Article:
FORT WORTH, Texas --- "The Stamp of Impulse: Abstract Expressionist Prints," the first in-depth examination of the influence of abstract expressionism on printmaking, opens at the Amon Carter Museum on March 2, 2002. This is the first traveling exhibition to be held at the museum since it reopened October 21, 2001, following its two-year, $39 million expansion. Organized by the Worcester Art Museum in Massachusetts, with the support of the National Endowment for the Arts and the Judith Rothschild Foundation, the exhibition consists of 100 prints by as many artists and provides a new and comprehensive survey of the diverse stylistic and technical experimentation that revolutionized American graphic arts in the mid-20th century. The exhibition runs through May 12.
Among the pioneering abstract expressionist printmakers represented are masters of the New York School-Jackson Pollock, Willem de Kooning, Nell Blaine and Louise Nevelson. Artists working in Chicago, Philadelphia, Los Angeles and San Francisco, such as Richard Diebenkorn and Claire Falkenstein, are also represented. In addition, the exhibition considers the work of the second generation of abstract expressionists, including Helen Frankenthaler, Cy Twombly and Joan Mitchell, who explored the graphic arts as an original, creative medium. The prints, drawn mostly from the Worcester Art Museum's permanent collection, represent the movement's entire stylistic range, including abstract surrealism, biomorphism, painterly gesture and calligraphic notation. Exemplifying a wide variety of printmaking media, the prints range from miniature drypoints to mural-sized screenprints.
"This is a wonderful exhibition to inaugurate our new gallery space for special exhibitions," said Amon Carter Museum Director Rick Stewart. "The works provide a stunning array of colors, lines and shapes. In addition to this exhibition, special presentations taken from the museum's extensive collection of American printmaking and photography will also provide visitors with the unique opportunity to see some very exciting comparisons."
Exhibition organizer Dr. David Acton, curator of prints, drawings and photographs at the Worcester Art Museum, adds, "Abstract expressionism is acknowledged as the leading achievement of American art in the 20th century, but its impact on the graphic arts has never been fully examined. At a time when there was no market for the graphic arts, the artists often used the tools and procedures of printmaking to explore the process of creativity. These experimental prints were produced in just a few uncirculated impressions. In the past, these rare prints have often been dismissed as anomalous. However, seen together and in context, they reveal the transforming spirit of exploration and improvisation associated with abstract expressionism."
Placing "The Stamp of Impulse: Abstract Expressionist Prints" into the context of the Carter's permanent collection are two exhibitions organized from the museum's holdings. "Abstraction in Photography," February 9--June 9, 2002, examines early 20th-century photography's move into abstraction with 48 photographs by such masters as Alfred Stieglitz, Paul Strand, Harry Callahan and Aaron Siskind. From February 23--August 18, 2002, "Revealed Treasures: Prints from the Permanent Collection" offers insight into a broad spectrum of American printmaking from the 19th and 20th centuries, with works arranged chronologically into four sections.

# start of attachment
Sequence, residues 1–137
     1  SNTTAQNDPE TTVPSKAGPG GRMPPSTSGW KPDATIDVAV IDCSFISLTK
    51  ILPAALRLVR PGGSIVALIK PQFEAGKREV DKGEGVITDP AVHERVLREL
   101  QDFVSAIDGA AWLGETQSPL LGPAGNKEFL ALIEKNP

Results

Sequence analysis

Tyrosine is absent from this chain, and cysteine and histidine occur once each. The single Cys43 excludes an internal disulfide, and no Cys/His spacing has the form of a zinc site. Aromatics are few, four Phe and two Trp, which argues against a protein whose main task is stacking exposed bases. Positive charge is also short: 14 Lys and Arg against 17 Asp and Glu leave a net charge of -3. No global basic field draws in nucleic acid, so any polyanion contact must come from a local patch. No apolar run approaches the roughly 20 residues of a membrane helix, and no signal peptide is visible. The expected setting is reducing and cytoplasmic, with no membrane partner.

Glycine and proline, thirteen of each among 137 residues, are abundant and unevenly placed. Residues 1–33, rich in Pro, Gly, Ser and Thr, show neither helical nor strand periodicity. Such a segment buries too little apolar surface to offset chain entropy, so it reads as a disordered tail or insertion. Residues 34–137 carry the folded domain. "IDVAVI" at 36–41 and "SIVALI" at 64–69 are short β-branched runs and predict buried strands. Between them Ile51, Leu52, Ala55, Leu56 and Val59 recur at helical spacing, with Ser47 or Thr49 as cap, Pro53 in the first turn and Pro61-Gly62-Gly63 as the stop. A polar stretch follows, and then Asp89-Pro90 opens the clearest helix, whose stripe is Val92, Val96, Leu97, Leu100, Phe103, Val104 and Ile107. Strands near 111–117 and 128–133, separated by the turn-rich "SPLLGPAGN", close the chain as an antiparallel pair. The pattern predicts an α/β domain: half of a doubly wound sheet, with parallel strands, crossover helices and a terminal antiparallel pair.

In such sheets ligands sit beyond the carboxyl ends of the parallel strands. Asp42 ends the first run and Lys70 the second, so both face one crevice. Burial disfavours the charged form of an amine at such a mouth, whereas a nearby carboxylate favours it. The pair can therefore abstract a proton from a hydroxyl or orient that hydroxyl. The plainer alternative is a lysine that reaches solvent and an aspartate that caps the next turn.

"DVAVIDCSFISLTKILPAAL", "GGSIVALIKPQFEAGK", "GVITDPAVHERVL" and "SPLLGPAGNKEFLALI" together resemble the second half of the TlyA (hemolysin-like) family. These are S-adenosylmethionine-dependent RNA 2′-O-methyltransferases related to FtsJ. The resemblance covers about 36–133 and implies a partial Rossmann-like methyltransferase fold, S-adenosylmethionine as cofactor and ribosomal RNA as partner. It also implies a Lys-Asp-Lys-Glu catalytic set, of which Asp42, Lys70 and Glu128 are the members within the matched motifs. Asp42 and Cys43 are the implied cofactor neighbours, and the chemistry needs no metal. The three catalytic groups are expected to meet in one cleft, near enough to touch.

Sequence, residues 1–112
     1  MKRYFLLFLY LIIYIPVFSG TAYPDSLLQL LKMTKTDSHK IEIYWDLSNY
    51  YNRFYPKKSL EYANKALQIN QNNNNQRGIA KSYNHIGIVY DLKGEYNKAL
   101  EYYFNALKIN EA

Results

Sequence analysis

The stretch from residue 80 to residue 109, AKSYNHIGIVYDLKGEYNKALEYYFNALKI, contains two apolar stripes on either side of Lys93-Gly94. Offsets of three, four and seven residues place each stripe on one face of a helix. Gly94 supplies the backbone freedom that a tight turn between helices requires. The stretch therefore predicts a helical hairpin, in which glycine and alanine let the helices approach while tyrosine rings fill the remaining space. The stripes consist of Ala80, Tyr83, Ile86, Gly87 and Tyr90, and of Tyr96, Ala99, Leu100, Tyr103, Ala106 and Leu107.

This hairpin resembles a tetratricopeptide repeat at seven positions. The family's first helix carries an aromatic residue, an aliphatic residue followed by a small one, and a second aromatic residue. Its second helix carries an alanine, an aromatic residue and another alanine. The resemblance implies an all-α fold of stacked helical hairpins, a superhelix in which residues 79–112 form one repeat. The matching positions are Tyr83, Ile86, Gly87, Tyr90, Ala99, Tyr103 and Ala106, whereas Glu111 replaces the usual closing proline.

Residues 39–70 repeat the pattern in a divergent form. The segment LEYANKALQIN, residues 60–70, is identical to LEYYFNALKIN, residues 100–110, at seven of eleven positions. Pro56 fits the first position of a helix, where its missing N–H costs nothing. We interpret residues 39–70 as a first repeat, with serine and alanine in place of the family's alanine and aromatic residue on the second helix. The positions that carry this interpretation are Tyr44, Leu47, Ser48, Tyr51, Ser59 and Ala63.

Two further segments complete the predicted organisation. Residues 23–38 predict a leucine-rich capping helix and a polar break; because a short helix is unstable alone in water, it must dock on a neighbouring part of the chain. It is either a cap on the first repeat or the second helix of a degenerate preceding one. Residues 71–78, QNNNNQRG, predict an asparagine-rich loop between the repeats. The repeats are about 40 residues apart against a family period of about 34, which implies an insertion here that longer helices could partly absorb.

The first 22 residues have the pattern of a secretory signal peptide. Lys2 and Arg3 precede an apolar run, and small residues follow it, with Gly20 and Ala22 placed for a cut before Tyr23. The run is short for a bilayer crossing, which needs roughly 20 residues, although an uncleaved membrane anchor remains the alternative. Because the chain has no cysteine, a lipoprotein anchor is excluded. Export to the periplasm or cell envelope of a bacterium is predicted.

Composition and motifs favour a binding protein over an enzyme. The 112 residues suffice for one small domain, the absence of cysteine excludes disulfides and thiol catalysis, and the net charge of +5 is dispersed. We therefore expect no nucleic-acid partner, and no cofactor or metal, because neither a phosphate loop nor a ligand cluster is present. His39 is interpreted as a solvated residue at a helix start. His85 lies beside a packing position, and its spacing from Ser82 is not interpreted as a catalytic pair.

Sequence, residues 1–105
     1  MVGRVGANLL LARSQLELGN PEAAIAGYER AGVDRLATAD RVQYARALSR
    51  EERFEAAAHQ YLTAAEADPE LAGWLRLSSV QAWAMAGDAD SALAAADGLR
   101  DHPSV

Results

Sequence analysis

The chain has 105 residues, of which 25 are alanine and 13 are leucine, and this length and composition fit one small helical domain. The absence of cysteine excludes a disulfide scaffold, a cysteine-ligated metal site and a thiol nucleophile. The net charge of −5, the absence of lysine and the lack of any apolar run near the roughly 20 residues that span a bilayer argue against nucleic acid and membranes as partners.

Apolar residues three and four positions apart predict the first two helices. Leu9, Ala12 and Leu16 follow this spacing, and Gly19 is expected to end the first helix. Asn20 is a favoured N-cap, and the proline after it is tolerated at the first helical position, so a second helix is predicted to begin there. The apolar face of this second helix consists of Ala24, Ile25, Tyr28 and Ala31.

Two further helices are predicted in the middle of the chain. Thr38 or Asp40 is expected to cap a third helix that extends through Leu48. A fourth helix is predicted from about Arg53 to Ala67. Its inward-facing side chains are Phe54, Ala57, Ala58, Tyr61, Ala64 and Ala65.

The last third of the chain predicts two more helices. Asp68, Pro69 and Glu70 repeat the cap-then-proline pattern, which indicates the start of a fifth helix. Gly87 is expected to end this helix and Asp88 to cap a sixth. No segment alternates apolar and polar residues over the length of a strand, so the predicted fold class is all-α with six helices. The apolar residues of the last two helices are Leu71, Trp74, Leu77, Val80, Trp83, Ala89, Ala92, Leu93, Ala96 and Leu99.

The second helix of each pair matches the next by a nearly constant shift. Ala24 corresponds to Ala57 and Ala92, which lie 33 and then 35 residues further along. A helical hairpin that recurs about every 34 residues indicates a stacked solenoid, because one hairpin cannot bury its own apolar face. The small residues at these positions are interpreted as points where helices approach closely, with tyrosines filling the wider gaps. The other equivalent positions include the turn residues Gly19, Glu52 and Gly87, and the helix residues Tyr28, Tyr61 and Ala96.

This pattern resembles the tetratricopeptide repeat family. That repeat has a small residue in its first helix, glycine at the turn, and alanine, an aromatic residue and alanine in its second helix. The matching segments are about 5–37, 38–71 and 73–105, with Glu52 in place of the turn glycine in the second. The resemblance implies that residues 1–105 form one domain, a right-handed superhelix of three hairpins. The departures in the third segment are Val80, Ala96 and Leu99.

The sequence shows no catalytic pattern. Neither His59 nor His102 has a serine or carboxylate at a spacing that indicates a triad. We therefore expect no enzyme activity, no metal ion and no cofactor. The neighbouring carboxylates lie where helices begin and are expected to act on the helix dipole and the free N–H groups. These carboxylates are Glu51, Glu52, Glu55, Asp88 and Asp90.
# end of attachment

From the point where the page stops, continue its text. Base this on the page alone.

"The Stamp of Impulse: Abstract Expressionist Prints," is accompanied by a 296-page exhibition catalogue of the same title. Dr. Acton is the principal author of the catalogue, which features three introductory essays, 100 entries and 109 color and 43 halftone illustrations.
Free admission. All programs at the Amon Carter Museum.
March 3, 3-4 p.m.
Lecture: "Abstract Expressionist Prints: Paradoxes and Personalities," David Acton, Curator of Prints, Drawings and Photographs, Worcester Art Museum, and Deborah Remington, a painter and printmaker whose work is on exhibit in "The Stamp of Impulse"
March 7, 5:30-7:30 p.m.
Film Series: "Pull My Daisy," directed by Robert Frank and Alfred Leslie, 1959, USA, 30 minutes; "The Last Clean Shirt," directed by Alfred Leslie, 1964, USA, 38 minutes
March 10, 3-4 p.m.
An Artist's Perspective Gallery Talk: "The Private Views of a Renaissance Long Past," George Miyasaki, artist featured in the exhibition
March 21, 5:30-7:30 p.m.
Film Series: "Capturing the Spirit of the Time" film series. "Painters Painting," directed by Emile de Antonio, 1972, USA, 116 minutes
March 28, 12:15-12:45 p.m.
Gallery Talk: "The Impact of Gesture," David Conn, Professor, Department of Art and Art History, Texas Christian University
For more information on any of the museum's programs, please contact Carol Noel at 817.738.1933, extension 5066, or e-mail email@example.com.